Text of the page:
In 2006, Jeff Bezos launched Amazon EC2 cloud hosting. At the time, many industry analysts thought he was crazy. How can an online retailer compete as a provider of hosting infrastructure? Today, the Bezos vision has been vindicated. Businesses of all sizes are moving quickly to embrace cloud computing.

cloud computing

There are many reasons why cloud computing today is a core component of innovative enterprise software. The cloud gives businesses the capability to scale to handle capacity as an organization grows; flexible support for connecting geographically separated clients, including websites and mobile apps; and a reduction in back-end infrastructure costs. For your middle market business, centering your IT around a technology that is scalable and cost-effective will help you remain competitive as your business grows and adapts to an evolving marketplace.

When assessing the relevancy of cloud computing for your business, there are several questions you should ask:

  • Scalability. Are there peak times when large numbers of consumers or employees are accessing your software simultaneously?
  • Cost. Do you pay a lot for hosting services, including the cost of IT server software support?
  • Flexibility. Do you have client-server or multi-tier applications that you would like to convert to run as websites or as mobile apps?

When selecting a cloud computing vendor, there are an increasing number of reasonably priced options that can serve your middle market needs. The big players in this field are Amazon EC2, Google App Engine, and Microsoft Azure. Amazon has been in the game the longest and has a track record of reliability, Google App Engine is rapidly growing in popularity, and Microsoft Azure is still in the early stages but may come on strong soon. In addition to these vendors, many traditional hosting providers are also getting into the cloud game.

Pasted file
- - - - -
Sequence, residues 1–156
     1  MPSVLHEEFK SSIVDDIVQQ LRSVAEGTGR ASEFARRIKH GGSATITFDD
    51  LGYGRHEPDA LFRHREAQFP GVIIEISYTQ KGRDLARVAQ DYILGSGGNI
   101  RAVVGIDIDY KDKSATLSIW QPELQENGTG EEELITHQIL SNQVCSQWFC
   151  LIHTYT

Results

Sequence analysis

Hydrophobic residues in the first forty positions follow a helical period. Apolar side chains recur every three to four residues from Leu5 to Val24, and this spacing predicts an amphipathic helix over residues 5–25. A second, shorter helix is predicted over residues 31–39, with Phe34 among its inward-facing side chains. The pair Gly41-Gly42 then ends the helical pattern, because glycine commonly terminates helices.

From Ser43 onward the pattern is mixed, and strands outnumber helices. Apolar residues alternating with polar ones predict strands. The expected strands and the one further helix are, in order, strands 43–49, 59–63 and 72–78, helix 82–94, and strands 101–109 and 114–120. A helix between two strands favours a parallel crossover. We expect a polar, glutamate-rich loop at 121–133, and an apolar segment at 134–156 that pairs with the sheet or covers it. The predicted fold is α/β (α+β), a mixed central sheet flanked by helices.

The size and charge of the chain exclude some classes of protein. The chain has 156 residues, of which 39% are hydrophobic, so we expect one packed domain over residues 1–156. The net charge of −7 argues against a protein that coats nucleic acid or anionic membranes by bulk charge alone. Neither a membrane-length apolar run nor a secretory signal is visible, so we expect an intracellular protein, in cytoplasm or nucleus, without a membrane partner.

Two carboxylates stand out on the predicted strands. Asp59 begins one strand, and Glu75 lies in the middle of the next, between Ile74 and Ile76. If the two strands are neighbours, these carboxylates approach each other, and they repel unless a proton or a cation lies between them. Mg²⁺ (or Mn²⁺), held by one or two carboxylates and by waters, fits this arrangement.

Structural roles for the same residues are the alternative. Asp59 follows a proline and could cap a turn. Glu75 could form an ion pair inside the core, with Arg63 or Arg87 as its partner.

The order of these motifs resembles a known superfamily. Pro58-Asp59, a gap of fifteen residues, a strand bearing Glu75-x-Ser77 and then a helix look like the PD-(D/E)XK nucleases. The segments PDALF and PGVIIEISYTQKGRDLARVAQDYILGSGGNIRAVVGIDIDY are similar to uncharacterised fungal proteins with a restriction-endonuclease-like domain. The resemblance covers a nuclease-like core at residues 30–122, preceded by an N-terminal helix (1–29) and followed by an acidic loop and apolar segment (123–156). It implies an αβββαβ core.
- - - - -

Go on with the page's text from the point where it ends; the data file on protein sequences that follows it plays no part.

If you are in process of upgrading your legacy IT systems, using the cloud may ultimately make these systems more flexible for future applications. For example, your software team may be writing a replacement for a legacy PC client application or client-server system hosted on an internal office network or within dedicated hosting within a data center. In this case, your software developers should assess if they can design the back-end to run on one of the major cloud hosting providers.

If you're considering the purchase of off-the-shelf software, you should determine whether the vendor hosts their software in the cloud. Vendors of a wide array of software services are basing their latest product lines on cloud hosting. In the case of the biggest software vendors, such as Oracle or IBM, they may have built their own shared cloud hosting infrastructure in their own facilities. But in most cases, software vendors are utilizing capacity from one of the big cloud hosting providers like Amazon. This is a good thing - they keep their costs low and can often pass on the benefits from a more competitive cost for the software in comparison to traditional client software costs. From a cost perspective, this is equivalent to Salesforce.com's remarkable success in undercutting the prices for hosted customer relationship management (CRM) from competitors Siebel and Oracle in the past decade.